“Klassik Heute” review: Gordon Sherwood Piano Works Vol. I

Artistic quality: 10
Klangqualität: 7
Overall impression: 10
Review: 04.04.18

Sonus Eterna 37423
1 CD • 66min • 2017

Born in 1929, the American Gordon Sherwood has shied away from the established music business all his life. When the time came for the Mitropoulos-sponsored
Gershwin Prize winner it seemed to announce his breakthrough to national fame, and he left for study visits to Germany and Italy. He spent longer periods in the Middle East and Kenya until he made the decision to travel the world unattached. He consistently took it upon himself to make a living as a beggar for about two decades until he found a place to stay in Bavaria in 2005. Before his death in 2013, he was still able to experience how people began to discover his work. His oeuvre comprises 143 opus numbers, the majority of which are still an unearthed treasure. So one can only welcome the fact that Masha Dimitrieva has now begun to make Sherwood’s piano works accessible on CD.
Sherwood was a composer without ideological blinkers, who did not close his mind to any influence if it captivated him. He has seen much of the world, and gratefully absorbed suggestions from the cultures of the countries he has travelled through. Nor did he shy away from adopting a popular tone.
The four sonatinas op. 27 – inspired by French, Spanish, Arabic and Indian music – give a taste of the one, and the five pieces from the collection Boogie Canonicus, which also documents his love of Bach, give a taste of the other. In the Dance Suite op. 67, the composer offers in a concentrated manner what is generally a basic feature of his style: dance movement. The Sonata quasi fantasia op. 78 is based on themes that originate in the musicalisation of three women’s names. As different as the suggestions for the individual pieces may have been, the music seems astonishingly homogeneous. Sherwood’s compositions are fundamentally tonal, with an ear-catching love of altered chords and scales, and of connecting distant harmonies. This blends wonderfully with boogie-woogie and blues as well as with the music of distant lands, which is why these influences in Sherwood’s music ultimately do not appear as exoticisms, but as the different aspects of a personal style. They are similarly part of the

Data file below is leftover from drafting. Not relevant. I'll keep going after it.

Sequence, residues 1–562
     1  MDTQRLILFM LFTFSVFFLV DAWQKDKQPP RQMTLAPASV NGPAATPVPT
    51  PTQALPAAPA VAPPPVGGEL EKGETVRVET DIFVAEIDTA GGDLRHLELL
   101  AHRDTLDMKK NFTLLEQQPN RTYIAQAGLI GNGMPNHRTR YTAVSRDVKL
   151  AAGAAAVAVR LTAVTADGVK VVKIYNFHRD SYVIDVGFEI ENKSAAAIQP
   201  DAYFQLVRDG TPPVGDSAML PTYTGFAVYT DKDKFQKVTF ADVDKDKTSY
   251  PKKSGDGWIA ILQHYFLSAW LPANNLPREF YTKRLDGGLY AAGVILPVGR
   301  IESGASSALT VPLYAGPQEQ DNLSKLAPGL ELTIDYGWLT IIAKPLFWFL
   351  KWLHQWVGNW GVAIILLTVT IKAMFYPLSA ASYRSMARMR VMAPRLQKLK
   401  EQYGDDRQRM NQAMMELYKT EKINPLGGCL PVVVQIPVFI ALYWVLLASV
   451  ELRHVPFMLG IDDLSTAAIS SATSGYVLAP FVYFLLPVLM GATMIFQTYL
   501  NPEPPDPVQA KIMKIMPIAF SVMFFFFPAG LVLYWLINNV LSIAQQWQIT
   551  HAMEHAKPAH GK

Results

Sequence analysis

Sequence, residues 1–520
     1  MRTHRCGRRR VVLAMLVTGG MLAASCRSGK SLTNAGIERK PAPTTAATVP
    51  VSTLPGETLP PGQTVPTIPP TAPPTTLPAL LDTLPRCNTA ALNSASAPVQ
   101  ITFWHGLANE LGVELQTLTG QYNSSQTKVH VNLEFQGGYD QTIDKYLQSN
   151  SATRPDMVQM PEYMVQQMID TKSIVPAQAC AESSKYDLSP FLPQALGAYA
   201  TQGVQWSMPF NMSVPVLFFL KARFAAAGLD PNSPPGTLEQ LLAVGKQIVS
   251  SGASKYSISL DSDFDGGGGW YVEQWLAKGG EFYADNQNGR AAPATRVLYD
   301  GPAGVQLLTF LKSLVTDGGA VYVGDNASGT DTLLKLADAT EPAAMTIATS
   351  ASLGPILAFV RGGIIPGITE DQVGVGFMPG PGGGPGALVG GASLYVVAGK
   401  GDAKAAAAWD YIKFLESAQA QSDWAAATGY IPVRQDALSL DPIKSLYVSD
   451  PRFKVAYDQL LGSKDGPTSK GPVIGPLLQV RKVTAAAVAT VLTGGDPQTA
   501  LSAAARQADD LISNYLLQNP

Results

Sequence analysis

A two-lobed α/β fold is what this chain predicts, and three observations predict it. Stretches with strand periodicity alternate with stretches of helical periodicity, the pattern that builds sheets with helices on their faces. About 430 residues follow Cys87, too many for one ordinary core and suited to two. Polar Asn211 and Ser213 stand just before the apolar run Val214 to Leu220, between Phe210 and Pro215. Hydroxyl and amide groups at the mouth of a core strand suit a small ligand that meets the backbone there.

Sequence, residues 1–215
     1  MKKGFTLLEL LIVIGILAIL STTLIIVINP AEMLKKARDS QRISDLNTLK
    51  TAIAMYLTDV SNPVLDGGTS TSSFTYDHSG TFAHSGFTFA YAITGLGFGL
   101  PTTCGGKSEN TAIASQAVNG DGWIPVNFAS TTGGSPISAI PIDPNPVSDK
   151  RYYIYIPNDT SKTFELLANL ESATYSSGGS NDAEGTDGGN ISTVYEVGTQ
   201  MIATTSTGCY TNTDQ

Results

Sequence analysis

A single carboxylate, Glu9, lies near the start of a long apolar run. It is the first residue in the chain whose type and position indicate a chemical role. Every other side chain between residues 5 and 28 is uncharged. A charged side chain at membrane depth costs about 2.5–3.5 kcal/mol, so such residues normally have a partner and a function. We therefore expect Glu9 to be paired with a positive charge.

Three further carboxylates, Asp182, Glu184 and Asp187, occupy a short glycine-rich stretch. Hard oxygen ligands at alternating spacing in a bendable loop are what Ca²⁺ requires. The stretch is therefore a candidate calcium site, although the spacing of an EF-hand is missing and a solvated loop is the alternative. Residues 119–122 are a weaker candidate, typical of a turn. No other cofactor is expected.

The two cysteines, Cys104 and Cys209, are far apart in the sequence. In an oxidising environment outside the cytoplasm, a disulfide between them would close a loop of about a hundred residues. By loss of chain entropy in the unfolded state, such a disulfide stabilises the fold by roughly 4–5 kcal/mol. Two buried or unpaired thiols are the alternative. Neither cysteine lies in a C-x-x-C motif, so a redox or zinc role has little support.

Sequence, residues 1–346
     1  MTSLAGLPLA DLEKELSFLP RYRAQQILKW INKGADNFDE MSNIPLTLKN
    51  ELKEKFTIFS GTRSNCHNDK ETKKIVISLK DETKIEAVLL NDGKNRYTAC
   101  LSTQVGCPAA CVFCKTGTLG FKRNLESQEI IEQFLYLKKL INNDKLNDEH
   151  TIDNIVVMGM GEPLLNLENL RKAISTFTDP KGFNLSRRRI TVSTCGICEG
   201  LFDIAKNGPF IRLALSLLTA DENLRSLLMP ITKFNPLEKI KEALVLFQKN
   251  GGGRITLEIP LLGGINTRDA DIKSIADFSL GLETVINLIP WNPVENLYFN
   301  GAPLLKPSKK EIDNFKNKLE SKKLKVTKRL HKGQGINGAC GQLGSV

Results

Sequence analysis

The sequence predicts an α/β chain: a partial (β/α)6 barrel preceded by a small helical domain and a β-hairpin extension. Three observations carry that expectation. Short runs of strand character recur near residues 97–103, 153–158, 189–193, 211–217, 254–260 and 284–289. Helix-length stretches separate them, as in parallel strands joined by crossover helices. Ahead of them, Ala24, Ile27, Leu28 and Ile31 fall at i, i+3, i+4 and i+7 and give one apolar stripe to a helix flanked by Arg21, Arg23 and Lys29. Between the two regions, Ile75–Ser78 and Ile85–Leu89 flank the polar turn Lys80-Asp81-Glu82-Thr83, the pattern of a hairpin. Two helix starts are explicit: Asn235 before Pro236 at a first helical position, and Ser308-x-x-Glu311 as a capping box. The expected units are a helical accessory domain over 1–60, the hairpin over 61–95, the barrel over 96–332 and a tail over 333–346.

overall structure of his musical art as the Croatian and Hungarian influences in Haydn’s work. The basic mood of this music also makes me think of Haydn. It is filled with a serenity and balance not often encountered in the second half of the 20th century: the music of a man who has nothing to prove to anyone, and who knows exactly what he is striving for artistically and how to shape it with the sure hand he can always rely on. Incidentally, the compositions are no more extended than Haydn’s piano works: none of the sonatinas lasts longer than
six minutes, and at five and a half minutes, the middle movement of the Sonata quasi fantasia is the longest piece in the present collection.
As an interpreter of Sherwood’s music, Masha Dimitrieva can build on a close collaboration with the composer. She has not only seen him in
his last years of his life, but she is also the dedicatee of his piano concerto, which she recorded in 2000. In view of this, the stylistic confidence with which she now presents his solo pieces is not surprising. Her tempi are steady and fluid, her touch varied, she also has a good sense of the effect of the
Rubatos, of which she makes moderate use. The richly tonal music is in the best of hands with her, also in view of the recording quality.
The sound of this disc could be argued about. As a listener, one imagines oneself sitting directly next to the metallic timbred piano, in a small room with almost no reverberation. This doesn’t exactly sound like a concert hall, more like a domestic environment. I choose to see in this sound image not an oversight but a tribute to Sherwood’s silent protest against the establishment, but I cannot suppress final reservations about it. Accompanying the CD, the first episode of a three-part
series, by a text by Christoph Schlüren, which provides profound information about the composer’s life, work and aesthetics.
Norbert Florian Schuck [04 .04.2018]

Original article at “Klassik Heute”:
Gordon Sherwood (Sonus Eterna) – Klassik Heute (klassik-heute.com)

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